Advisors need to have a vision for what they want their firm to be. (Illustration: Pete Ryan)

Immigration, abortion, fracking, surtaxing the 1% — presidential elections may seem to hinge on issues like these, but that’s just a façade. In reality, elections are about vision: what values each would-be leader thinks our nation should stand for, what we should try to achieve, how people should be treated.

It’s no different for leaders of companies. If you want people to follow you, you need “the vision thing,” as former president George H.W. Bush called it.

“A lot of financial advisors get into the business because they love to help clients,” observed Greg Friedman, founder and CEO of wealth management firm Private Ocean in San Rafael, California. But as a firm gets larger, he said, keeping it going in the right direction becomes “exponentially harder.”

If you’re the leader of a growing enterprise, your people need to know your vision. Regrettably, many advisors who enjoy grappling with client challenges tend to sidestep employee issues. Aren’t good employees supposed to be self-directed, after all? What’s the payoff of having a vision?

Why Vision Matters

“Vision” expresses what an organization aspires to be. By defining it, you can seek out potential partners, staffers, clients and referral sources who agree with this aspiration and want to be associated with it.

Consider the difference that articulating your vision could make to junior advisors, paraplanners and support staff you hire. Like most of us, they’d rather work for a firm whose values align with theirs. “But when people don’t know what their company is trying to do or how important they are to its success, they end up giving only a fraction of their creativity, skill and initiative to their work,” said Le Herron, a retired CEO who wrote “Making Your Company Human: Inspiring Others to Reach Their Potential.”

Advisors tend to focus on keeping their clients happy and their revenue stream flowing. But remember, Herron noted, that organizations actually stand on three legs: not just their owners and customers, but also their people. All three are equally important for success.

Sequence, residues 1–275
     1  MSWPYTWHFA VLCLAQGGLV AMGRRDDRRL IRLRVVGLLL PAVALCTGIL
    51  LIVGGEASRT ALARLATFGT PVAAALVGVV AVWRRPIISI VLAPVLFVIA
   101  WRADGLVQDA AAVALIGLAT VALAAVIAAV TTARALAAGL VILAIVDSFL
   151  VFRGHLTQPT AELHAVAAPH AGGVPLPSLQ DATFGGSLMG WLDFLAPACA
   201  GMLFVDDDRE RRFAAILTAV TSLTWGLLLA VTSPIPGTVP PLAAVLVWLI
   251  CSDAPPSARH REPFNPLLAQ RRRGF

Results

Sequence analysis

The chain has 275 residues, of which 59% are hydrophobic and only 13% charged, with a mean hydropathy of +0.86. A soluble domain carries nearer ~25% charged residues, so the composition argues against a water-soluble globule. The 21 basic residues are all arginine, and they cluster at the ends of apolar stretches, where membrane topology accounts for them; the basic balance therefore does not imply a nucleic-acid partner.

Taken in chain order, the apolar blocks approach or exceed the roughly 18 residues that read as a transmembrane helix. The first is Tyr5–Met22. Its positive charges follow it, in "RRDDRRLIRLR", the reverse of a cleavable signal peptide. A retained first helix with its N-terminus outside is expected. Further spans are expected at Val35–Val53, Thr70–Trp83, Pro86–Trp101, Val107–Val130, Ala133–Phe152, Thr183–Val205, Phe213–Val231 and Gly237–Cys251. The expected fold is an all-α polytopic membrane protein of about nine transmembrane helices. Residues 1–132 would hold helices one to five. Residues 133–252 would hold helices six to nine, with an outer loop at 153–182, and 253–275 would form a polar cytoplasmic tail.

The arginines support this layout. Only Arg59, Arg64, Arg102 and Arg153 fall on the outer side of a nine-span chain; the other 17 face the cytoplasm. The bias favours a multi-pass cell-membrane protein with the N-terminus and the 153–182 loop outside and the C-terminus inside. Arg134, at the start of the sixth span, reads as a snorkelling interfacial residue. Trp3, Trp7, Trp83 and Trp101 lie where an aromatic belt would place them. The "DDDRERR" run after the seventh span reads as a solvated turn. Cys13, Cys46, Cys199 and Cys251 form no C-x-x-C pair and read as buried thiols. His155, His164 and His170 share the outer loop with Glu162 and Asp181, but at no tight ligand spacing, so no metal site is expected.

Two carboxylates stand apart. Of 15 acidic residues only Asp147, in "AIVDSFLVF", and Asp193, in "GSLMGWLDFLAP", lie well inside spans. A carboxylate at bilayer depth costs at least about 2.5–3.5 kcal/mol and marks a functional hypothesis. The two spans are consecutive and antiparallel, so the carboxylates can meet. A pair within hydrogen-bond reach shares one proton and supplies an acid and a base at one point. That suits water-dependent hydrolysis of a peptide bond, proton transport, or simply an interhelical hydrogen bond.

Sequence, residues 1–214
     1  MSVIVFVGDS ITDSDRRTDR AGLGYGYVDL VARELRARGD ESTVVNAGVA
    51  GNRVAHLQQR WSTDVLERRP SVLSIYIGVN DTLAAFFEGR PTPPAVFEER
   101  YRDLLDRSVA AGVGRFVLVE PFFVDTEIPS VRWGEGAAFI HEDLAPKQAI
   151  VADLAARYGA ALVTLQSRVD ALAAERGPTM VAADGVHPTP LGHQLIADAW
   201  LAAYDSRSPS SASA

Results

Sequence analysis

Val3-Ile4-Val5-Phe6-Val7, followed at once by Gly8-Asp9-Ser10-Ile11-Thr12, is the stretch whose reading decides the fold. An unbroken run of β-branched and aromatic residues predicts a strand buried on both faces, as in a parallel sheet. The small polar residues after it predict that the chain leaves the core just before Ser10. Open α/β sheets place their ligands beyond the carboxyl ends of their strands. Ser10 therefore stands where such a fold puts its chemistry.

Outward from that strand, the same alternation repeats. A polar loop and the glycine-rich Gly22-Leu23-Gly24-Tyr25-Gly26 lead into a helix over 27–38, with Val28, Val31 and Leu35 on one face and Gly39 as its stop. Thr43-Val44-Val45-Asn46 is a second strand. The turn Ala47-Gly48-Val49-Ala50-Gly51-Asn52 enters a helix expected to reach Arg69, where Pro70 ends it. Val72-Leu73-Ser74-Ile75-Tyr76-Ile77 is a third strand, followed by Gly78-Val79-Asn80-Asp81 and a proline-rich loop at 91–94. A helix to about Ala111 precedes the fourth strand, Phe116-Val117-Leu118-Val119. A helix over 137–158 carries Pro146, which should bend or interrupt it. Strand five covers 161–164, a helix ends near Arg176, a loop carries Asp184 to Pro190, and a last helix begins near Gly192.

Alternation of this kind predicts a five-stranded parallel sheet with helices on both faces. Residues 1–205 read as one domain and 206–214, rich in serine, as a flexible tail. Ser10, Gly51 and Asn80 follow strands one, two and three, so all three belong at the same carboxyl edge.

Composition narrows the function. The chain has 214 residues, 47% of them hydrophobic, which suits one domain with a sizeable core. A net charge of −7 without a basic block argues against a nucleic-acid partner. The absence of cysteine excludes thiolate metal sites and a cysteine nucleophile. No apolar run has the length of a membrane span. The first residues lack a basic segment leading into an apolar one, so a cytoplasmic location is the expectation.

In addition to squandering human capital, lack of a coherent vision can turn the whole enterprise into an orchestra where everyone is playing different music. The results may include inconsistent behavior, confusion, dissatisfaction and, ultimately, higher turnover among both employees and clients that affects the bottom line.

Walking the Walk

To be useful, your vision needs to be based on values that you consider non-negotiable. (See sidebar, “What Do You Stand For?”) More importantly, those values need to be an integral part of you.

In other words, Herron pointed out, it’s not enough to profess what your organization stands for. You need to live it, day in and day out. “I have a hanging that my wife, Betty, put on our kitchen wall soon after we were married,” he explained. “What you are speaks so loud that I cannot hear what you say. No matter what we say we are, people can see what we really are.

“So anyone concerned about leading needs to start by asking the question, ‘What am I?’ Are you all about ‘me, me, me’? About ‘my career,’ ‘my name recognition’? Or is your vision about making your organization very successful, about making people part of that success and feeling ownership of it?”

Private Ocean’s Friedman, the author of “Advisory Leadership: Using the Seven Steps of Heart Culture to Create Lasting Success for Any Wealth Management Firm,” is equally passionate about leading effectively. “An organization will very much reflect its leadership,” he observed. “As they say, fish rots from the head down. When you see a front-line person who doesn’t treat a customer well, chances are he’s reflecting the views of a superior.”

Like Herron, Friedman believes that leadership is about helping other people get what they need to feel engaged and be productive. “I put a lot of energy into creating an environment so people know where we are going and what our purpose is,” he said. “That’s what creates excitement and meaning. People need to know, ‘What’s my part in this? What’s in it for me?’ At the same time, you need to ask yourself, ‘What’s my role in supporting them?’”

If this sounds like servant leadership, that’s exactly what it is. In Herron’s case, it extends even to the language he uses.